FBI Raids Com­pa­ny Tied To Ukrain­ian Oli­garch Who Pushed Biden Dis­in­fo

    By Josh Koven­sky
    August 4, 2020 1:35 p.m.

    FBI and IRS agents in Cleve­land and Mia­mi on Tues­day raid­ed the offices of a com­pa­ny tied to a Ukrain­ian oli­garch sus­pect­ed of push­ing dirt on Vice Pres­i­dent Joe Biden.

    Vic­ki Ander­son, a spokesper­son for the FBI’s Cleve­land office, con­firmed the raids of Opti­ma Man­age­ment to TPM, declin­ing to com­ment any fur­ther because the mat­ter “is still under seal.” Nobody was tak­en into cus­tody, Ander­son added.

    Opti­ma Man­age­ment is part­ly owned by Ukrain­ian oli­garch Ihor Kolo­moisky, per court doc­u­ments filed in Delaware last year.

    Kolo­moisky has faced a fed­er­al crim­i­nal inves­ti­ga­tion out of the North­ern Dis­trict of Ohio for at least a year. The oli­garch told the New York Times in Novem­ber 2019 that, were he the Pres­i­dent of Ukraine, he would open the inves­ti­ga­tions into Biden that Trump and Giu­liani have sought.

    The next month, asso­ciates and polit­i­cal allies of Kolomoisky’s met with Trump attor­ney Rudy Giu­liani in Kyiv, offer­ing the for­mer NYC may­or a fab­ri­cat­ed nar­ra­tive about Biden..

    The meet­ings fueled sus­pi­cion that, in the words of one West­ern offi­cial based in Kyiv who spoke to TPM on con­di­tion of anonymi­ty, Kolo­moisky was “try­ing to become friends with Trump and Giu­liani” as the feds’ inves­ti­ga­tion of him pro­gressed.

    The oli­garch appears to have stayed involved in the cam­paign to dam­age Biden since then.

    Ear­li­er this year, after a Ukrain­ian mem­ber of par­lia­ment began releas­ing sup­posed audio record­ings of Biden speak­ing with Ukraine’s pres­i­dent in 2016, Kolo­moisky released a state­ment demand­ing that a crim­i­nal inves­ti­ga­tion be opened based off of the tapes.

    ...

    Anoth­er attor­ney for Kolo­moisky, Bud Cum­mins, told TPM in Novem­ber 2019 that he tried to con­vince fed­er­al pros­e­cu­tors at the South­ern Dis­trict of New York in Octo­ber 2018 to inves­ti­gate alle­ga­tions around Biden and sep­a­rate charges that Paul Man­afort was brought down by a Ukrain­ian plot — anoth­er Trump­world hob­by­horse. Cum­mins has denied to TPM that his work for Kolo­moisky was relat­ed to his con­ver­sa­tions with SDNY.

    Giu­liani has con­tin­ued to ref­er­ence Cum­mins’ attempt, crit­i­ciz­ing then‑U.S. Attor­ney for the South­ern Dis­trict of New York Geoff Berman for fail­ing to take on the inves­ti­ga­tion.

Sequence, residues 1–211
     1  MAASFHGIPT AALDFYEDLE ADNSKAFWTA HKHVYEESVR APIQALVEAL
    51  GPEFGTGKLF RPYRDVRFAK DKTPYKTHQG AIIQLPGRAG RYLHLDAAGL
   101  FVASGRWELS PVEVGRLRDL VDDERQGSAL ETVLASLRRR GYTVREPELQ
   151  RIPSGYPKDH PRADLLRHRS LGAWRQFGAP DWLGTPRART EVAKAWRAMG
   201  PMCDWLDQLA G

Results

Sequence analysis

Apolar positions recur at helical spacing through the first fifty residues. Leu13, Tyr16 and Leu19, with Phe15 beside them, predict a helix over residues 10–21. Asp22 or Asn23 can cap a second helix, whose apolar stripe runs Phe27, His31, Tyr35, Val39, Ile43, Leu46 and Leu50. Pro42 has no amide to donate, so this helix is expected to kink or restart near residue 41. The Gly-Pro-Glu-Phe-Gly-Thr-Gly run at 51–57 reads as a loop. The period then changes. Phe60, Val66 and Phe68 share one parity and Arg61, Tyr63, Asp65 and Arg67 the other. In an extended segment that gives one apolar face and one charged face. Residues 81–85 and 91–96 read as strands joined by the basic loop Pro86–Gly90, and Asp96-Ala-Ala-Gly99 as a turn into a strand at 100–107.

Two oth­er asso­ciates of Kolomoisky’s who co-own Opti­ma have also lawyered up in Trump­world, hir­ing Trump lawyer Marc Kasowitz to rep­re­sent them in a civ­il suit.

    ————-

    “FBI Raids Com­pa­ny Tied To Ukrain­ian Oli­garch Who Pushed Biden Dis­in­fo” by Josh Koven­sky; Talk­ing Points Memo; 08/04/2020

    “The meet­ings fueled sus­pi­cion that, in the words of one West­ern offi­cial based in Kyiv who spoke to TPM on con­di­tion of anonymi­ty, Kolo­moisky was “try­ing to become friends with Trump and Giu­liani” as the feds’ inves­ti­ga­tion of him pro­gressed.”

    Was Ihor Kolo­moisky try­ing to become the Trump admin­is­tra­tion’s friend in order to get out of his fed­er­al bind when he was eager­ly offer­ing some sort of dirt on Joe Biden in Decem­ber of 2019? That’s one of the key ques­tions we have to ask fol­low­ing the FBI raid of these prop­er­ties. A key ques­tion with a very obvi­ous answer that should raise a lot of ques­tions about the nature of the dirt Kolo­moisky was offer­ing:

    ...
    The oli­garch appears to have stayed involved in the cam­paign to dam­age Biden since then.

    Ear­li­er this year, after a Ukrain­ian mem­ber of par­lia­ment began releas­ing sup­posed audio record­ings of Biden speak­ing with Ukraine’s pres­i­dent in 2016, Kolo­moisky released a state­ment demand­ing that a crim­i­nal inves­ti­ga­tion be opened based off of the tapes.

    ...

    Anoth­er attor­ney for Kolo­moisky, Bud Cum­mins, told TPM in Novem­ber 2019 that he tried to con­vince fed­er­al pros­e­cu­tors at the South­ern Dis­trict of New York in Octo­ber 2018 to inves­ti­gate alle­ga­tions around Biden and sep­a­rate charges that Paul Man­afort was brought down by a Ukrain­ian plot — anoth­er Trump­world hob­by­horse. Cum­mins has denied to TPM that his work for Kolo­moisky was relat­ed to his con­ver­sa­tions with SDNY.
    ...

    So when the FBI car­ried out those raids on Kolo­moisky’s Opti­ma offices it was­n’t just an action that cre­at­ed a form of legal lever­age over a key Ukrain­ian backer of the Zelen­sky gov­ern­ment. It was also a form of legal lever­age over some­one who had already eager­ly offered tales of dirt on Joe Biden back in Decem­ber in order to get out of the legal pres­sure he was already under. In oth­er words, if Ihor Kolo­moisky ends up being a key source of the Trump cam­paign’s upcom­ing Ukraine-relat­ed smear job against Joe Biden it’s going to be worth keep­ing in mind that he’s an extreme­ly moti­vat­ed wit­ness.

    Posted by Pterrafractyl | August 8, 2020, 1:50 am